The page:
“Household debt and corporate debt have been reduced sharply,” Mr. Carson said. “But the Fed has effectively moved the debt onto its own balance sheet. It’s crucial that they unwind it, but the question is, how?”
The Fed has helped to sustain the bull market in stocks, and because home values have also risen in the last year, many middle-class people have begun to spend more freely, spurring short-term economic growth, he said. But one effect of Fed policies has been to widen wealth inequality. That’s because the wealthy hold a high proportion of their assets in the stock market and benefit when the market rises, he said.
What’s more, stock market prices have increased far more rapidly than housing prices, and the net worth of most Americans is heavily concentrated in the value of their homes. In a note to clients, Mr. Carson pointed out that average home prices rose roughly 10 percent in 2013 while the S.&P. 500 index surged more than 30 percent, disproportionately benefiting those who held stock. And, of course, those with neither home equity nor financial assets fell further behind those who own both.
The Fed’s report, “Financial Accounts of the United States,” broke down the figures this way: While the total value of real estate in the United States increased $2.3 trillion, the total value of stocks grew by $5.6 trillion.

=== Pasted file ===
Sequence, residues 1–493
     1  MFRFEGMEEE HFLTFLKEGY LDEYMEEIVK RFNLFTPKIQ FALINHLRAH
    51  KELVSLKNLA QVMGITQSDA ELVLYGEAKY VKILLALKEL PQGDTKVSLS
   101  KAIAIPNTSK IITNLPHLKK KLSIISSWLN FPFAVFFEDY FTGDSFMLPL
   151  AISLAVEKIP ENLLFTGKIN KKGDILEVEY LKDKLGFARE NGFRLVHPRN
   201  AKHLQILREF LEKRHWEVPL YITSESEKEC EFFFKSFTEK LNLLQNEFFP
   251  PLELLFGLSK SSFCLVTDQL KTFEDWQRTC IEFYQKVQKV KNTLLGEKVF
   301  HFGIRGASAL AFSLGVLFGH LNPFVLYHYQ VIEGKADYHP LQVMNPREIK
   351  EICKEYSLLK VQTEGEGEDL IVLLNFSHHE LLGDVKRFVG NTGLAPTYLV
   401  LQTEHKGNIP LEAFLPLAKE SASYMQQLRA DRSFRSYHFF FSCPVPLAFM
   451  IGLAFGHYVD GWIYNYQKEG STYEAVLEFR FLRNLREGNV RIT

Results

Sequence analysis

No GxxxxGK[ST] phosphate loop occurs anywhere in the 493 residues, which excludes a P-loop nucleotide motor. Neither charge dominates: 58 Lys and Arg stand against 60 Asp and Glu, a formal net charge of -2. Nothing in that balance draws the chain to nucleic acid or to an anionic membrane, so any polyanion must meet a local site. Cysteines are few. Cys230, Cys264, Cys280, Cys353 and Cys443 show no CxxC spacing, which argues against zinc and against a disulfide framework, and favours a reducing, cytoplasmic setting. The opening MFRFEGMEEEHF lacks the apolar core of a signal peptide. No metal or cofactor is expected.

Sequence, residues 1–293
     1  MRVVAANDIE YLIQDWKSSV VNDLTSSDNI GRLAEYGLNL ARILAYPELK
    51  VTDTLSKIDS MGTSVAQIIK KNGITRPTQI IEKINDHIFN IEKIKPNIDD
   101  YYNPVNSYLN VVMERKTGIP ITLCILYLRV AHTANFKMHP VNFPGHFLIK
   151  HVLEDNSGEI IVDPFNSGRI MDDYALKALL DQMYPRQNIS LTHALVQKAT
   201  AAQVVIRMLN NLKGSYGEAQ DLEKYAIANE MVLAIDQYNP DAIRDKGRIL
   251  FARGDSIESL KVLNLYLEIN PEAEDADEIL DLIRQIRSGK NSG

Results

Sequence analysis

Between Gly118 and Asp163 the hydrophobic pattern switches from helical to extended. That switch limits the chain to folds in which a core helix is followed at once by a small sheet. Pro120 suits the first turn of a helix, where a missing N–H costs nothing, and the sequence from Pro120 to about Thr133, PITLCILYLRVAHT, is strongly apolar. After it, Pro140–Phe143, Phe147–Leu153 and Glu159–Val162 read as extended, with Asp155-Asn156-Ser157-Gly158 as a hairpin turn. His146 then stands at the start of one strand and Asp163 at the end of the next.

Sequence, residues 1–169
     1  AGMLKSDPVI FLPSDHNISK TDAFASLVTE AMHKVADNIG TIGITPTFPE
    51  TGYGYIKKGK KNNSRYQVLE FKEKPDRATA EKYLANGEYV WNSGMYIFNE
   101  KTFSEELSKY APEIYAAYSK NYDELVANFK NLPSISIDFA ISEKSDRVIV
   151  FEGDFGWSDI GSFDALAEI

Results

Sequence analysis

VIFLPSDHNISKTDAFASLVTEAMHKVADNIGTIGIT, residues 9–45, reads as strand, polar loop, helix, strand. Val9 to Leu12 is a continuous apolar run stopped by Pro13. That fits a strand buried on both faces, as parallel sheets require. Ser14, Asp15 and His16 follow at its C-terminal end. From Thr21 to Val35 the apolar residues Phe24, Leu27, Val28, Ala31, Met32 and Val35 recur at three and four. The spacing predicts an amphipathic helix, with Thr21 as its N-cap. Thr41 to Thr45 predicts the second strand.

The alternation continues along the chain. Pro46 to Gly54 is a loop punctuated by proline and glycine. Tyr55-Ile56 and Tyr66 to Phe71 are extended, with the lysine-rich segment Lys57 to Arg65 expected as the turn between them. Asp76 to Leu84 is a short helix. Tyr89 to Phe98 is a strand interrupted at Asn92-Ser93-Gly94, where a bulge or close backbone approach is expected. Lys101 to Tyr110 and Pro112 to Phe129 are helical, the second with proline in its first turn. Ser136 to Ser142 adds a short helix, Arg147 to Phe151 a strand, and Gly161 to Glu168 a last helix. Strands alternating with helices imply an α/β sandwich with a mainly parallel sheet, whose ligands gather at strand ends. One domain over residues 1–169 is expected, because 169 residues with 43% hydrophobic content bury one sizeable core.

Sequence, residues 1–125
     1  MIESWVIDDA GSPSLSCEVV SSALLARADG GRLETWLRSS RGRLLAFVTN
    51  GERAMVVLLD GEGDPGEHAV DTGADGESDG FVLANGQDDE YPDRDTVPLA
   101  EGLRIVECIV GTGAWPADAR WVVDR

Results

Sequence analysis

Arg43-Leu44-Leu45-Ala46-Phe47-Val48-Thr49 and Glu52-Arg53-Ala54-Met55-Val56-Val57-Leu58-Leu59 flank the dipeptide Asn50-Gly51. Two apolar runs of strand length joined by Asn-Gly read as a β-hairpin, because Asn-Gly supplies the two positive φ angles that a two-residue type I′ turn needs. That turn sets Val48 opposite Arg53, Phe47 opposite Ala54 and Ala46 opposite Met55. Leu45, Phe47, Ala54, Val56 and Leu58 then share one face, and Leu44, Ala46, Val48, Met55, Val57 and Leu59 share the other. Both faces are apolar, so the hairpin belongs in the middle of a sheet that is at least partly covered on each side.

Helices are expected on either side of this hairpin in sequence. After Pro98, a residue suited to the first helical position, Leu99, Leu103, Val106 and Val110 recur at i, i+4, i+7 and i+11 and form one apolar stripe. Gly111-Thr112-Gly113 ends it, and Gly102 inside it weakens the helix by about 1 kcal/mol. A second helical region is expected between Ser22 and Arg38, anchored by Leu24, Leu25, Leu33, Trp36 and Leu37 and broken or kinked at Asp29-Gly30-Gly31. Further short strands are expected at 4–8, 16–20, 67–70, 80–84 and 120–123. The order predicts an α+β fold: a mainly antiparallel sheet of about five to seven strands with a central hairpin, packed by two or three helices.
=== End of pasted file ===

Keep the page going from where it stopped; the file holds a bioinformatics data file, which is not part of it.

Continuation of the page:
Even if such issues provide a subtext for Fed discussions, the direct effects of Fed policy on the stock and housing markets may not be an explicit part of the Fed’s agenda this week.
That’s partly because Congress didn’t include financial asset prices in the Fed’s mandate, which is “to promote effectively the goals of maximum employment, stable prices and moderate long-term interest rates.” Those stable prices referred to items like cars, food and shoes, not to financial assets like stocks and bonds, whose price levels fall outside the Fed’s traditional purview.
Still, the Fed closely monitors financial market price levels, and it has taken on growing responsibility for maintaining the stability of the entire financial system. In congressional testimony, Ms. Yellen has said that the central bank needs to “attempt to detect asset bubbles” in both the stock markets.
There may not be full-blown bubbles at this moment. But valuations have become much less attractive as prices have risen. Richard W. Fisher, president of the Federal Reserve Bank of Dallas, is among those who have argued vigorously that the Fed needs to cut back sharply on its monetary stimulus because it has, in his view, been feeding speculative bubbles.
In a speech in Mexico City on March 5, Mr. Fisher said, “There are increasing signs quantitative easing has overstayed its welcome: Market distortions and acting on bad incentives are becoming more pervasive.” He listed a series of stock valuation measures and said they were “at eye-popping levels not seen since the dot-com boom of the late 1990s.”
Mr. Fisher’s view appears to be a minority one at the Fed, but he makes some telling points. Certainly, as the stock market reaches ever more impressive milestones, it’s important, as he says, to monitor market indicators very carefully, “to ensure that the ghost of ‘irrational exuberance’ does not haunt us again.”